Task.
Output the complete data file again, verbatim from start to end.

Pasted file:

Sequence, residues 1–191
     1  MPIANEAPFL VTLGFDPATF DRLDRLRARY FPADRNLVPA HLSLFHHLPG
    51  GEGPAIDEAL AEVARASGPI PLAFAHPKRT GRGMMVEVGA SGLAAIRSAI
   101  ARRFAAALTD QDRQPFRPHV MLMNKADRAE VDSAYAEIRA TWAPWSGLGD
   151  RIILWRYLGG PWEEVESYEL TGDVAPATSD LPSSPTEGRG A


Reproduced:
Sequence, residues 1–191
     1  MPIANEAPFL VTLGFDPATF DRLDRLRARY FPADRNLVPA HLSLFHHLPG
    51  GEGPAIDEAL AEVARASGPI PLAFAHPKRT GRGMMVEVGA SGLAAIRSAI
   101  ARRFAAALTD QDRQPFRPHV MLMNKADRAE VDSAYAEIRA TWAPWSGLGD
   151  RIILWRYLGG PWEEVESYEL TGDVAPATSD LPSSPTEGRG A